by Julie Anne Genter
Recently, to shrug off blame for the Wellington region’s contraction in employment per capita, the government has taken to blaming the city council’s opposition to roading.
As I have mentioned before, National has big plans to spend billions (perhaps as much as $5 billion, if we include the $2.4 billion interest on the private loan for Transmission Gully) on a grade separated four-lane highway from the airport to Otaki. It’s ridiculous to blame the Wellington City Council for holding this project up as the process is already moving as fast as it possibly could, thanks to the EPA rubber stamping process set up by National.
Steven Joyce, supposedly the economic development minister, has a particular obsession with the idea that duplicating or replacing an existing road link will have transformational economic benefits for Wellington.
This truly is, to use a term Joyce is fond of, voodoo economics.
Let’s consider why: how might building motorways create jobs?
There’s the direct impact of the people brought in to move earth, design and construct the roads. But by all accounts, building new highways is one of the worst job creators, at somewhere between $500,000 – $1,000,000 per job created. The reason for this is simple – building roads is capital intensive. Most of the money spent goes on land acquisition, big machines, and materials – not labour.
It would make a lot more sense to create jobs through home insulation, public transport services (which are much more labour intensive), even road maintenance creates more jobs per dollar spent.
But of course, the government couldn’t possibly be building the roads just to directly create jobs. Oh no, Joyce has previously mocked the very idea of building anything just to create construction jobs… the government is building a “modern 21st century road” because it will enable productivity benefits.
My question is – what productivity gains can we get from building a duplicate highway? The research shows that expanding an existing highway system has diminishing marginal returns, because there is already access.
The current philosophy of economic evaluation of transport infrastructure assumes that by reducing travel time, we increase access for businesses and freight, and we save precious minutes on journeys.
It is questionable whether adding up minutes of tens of thousands of commuter journeys would actually translate into economic benefit. There was never any empirical evidence to support the theory. In fact, despite people travelling at higher speeds in private vehicles, the past few decades hasn’t seen an overall reduction in travel times – people are simply travelling further than before.
The changes in land use that result from people travelling further are generally not productivity gains, they are a transfer. It’s a zero sum. Land towards the centre becomes less intensively used, while people take the benefit of cheaper land at the outskirts. Overall infrastructure costs associate with this sprawl are more expensive, as are overall transport costs to the economy (households and business need to spend more money importing vehicles and fuel.) Induced development is not a productivity gain and it costs us more for a given amount of economic activity.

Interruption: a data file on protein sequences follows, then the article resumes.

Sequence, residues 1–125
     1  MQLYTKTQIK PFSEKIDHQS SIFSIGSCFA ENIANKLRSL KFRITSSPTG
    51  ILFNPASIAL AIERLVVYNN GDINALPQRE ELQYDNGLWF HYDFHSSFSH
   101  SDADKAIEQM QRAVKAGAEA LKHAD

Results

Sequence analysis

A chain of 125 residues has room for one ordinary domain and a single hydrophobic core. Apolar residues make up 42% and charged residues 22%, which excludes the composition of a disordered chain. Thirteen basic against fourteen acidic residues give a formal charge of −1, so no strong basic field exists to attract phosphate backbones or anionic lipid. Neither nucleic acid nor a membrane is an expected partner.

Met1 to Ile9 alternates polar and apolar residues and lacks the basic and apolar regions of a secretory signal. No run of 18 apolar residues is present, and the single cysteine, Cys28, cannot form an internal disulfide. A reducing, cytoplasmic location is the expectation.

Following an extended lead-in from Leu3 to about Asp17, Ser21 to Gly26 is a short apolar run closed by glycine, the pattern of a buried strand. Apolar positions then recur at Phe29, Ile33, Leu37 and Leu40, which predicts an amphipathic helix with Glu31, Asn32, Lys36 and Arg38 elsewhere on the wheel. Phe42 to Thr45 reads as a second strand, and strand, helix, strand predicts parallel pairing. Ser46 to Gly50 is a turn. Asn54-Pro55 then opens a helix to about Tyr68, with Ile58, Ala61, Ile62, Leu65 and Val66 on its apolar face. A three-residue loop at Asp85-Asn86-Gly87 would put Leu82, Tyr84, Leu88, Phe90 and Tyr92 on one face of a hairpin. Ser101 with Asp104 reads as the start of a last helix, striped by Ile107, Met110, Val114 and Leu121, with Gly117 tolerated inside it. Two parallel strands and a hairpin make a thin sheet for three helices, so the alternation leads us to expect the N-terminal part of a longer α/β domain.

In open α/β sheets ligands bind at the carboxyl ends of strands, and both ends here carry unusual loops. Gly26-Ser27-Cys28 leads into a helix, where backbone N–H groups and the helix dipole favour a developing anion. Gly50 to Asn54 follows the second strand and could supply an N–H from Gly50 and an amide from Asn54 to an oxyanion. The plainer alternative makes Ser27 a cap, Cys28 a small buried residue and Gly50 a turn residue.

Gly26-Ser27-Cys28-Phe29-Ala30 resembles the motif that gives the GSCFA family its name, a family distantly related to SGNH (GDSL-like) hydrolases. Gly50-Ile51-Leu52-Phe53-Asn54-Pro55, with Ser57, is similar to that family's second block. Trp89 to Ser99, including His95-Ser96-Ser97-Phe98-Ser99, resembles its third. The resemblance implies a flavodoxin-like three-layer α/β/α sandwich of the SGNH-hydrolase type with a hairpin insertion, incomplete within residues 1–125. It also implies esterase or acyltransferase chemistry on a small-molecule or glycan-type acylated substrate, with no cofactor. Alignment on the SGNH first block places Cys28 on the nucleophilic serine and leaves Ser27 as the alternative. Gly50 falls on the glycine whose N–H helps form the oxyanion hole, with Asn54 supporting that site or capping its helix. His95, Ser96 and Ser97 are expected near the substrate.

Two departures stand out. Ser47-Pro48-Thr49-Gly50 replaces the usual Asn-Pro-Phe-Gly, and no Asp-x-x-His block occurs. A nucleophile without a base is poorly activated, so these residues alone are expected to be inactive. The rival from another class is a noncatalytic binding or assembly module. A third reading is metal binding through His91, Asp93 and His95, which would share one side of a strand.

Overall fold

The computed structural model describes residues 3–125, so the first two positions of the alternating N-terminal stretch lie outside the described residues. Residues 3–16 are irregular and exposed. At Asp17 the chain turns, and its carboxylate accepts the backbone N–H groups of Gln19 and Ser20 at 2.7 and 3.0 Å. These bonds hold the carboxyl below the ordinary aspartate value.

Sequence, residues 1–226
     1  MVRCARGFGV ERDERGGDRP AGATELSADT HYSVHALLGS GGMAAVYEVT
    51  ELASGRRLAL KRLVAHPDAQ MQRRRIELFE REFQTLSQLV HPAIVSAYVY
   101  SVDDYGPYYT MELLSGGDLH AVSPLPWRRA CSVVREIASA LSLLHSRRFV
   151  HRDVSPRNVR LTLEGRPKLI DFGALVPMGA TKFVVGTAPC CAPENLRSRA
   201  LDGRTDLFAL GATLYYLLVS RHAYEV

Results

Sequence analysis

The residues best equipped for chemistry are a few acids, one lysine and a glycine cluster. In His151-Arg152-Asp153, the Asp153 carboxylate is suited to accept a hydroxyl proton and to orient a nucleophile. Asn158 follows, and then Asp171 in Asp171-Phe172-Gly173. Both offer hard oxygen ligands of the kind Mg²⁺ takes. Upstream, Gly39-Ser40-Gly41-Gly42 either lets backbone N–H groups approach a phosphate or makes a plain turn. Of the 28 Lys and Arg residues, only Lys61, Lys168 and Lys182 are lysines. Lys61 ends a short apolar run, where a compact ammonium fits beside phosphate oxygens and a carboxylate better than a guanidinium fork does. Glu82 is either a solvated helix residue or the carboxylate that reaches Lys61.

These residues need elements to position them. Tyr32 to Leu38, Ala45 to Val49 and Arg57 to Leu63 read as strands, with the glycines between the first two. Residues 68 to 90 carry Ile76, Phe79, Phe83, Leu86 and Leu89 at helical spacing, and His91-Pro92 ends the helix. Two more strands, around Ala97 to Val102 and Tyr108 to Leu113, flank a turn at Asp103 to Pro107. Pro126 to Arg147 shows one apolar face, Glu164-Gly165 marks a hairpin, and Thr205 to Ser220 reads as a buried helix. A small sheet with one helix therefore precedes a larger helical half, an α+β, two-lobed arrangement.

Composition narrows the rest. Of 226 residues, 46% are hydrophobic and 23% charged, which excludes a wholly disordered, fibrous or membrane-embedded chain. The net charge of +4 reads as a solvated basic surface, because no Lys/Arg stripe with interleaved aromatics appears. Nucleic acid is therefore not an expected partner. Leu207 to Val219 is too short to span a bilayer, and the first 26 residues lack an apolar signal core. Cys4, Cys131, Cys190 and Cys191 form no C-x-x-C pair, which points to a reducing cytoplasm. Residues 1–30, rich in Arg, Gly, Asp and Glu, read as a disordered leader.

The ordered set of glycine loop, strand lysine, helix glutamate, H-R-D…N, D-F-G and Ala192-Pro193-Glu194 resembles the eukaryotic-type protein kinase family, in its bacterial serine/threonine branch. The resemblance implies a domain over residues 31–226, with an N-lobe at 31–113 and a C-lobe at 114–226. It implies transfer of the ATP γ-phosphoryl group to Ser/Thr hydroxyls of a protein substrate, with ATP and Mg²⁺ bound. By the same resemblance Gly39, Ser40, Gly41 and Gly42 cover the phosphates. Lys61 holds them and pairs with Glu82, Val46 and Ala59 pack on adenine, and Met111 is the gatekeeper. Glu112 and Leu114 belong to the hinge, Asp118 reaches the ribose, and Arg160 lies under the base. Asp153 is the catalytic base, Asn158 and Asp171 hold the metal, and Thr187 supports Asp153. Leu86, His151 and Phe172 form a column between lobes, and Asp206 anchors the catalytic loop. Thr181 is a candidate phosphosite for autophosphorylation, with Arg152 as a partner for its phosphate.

If we wanted to save people time so they could be more productive, buying them labour saving devices, like dishwashers, may be more effective than building new motorways. (NB, I am not advocating this policy!)
If anything, Joyce’s treatment will be worse than the disease. Projects like the Kapiti Expressway and the Basin Reserve flyover will actually make Wellington’s situation worse, in several ways. Firstly, it will destroy some of the urban and coastal amenity that makes Wellington an attractive place to live. Secondly, it will undermine the investment in commuter rail, walking and cycling, by making it relatively cheaper and easier to drive. Of course, the total result will be higher car dependence, which means more money being spent on imported vehicles and fuel, and less on goods and services provided by Wellington businesses.
The smartest way to support Wellington’s economy is to make investments that substantially reduce the overall costs of transport to the economy – this means making walking, cycling, and public transport the priority. This would probably result in greater time savings for road trips than a new highway funneling more cars into choke-points. Investing in rail freight and coastal shipping will also reduce fuel costs and vulnerability.
Real economic development requires taking steps to support our manufacturers, investing in training and education, and thinking outside the box. I’m happy to report a lot of truly creative and productive activity is already happening in Wellington, at places like Enspiral and the Sustainability Trust. It may not be on the government’s radar, but it gives me great hope that Wellington has a smart, green future.
Let’s just hope National’s motorway madness can be stopped before it does irreparable damage to the coolest little capital.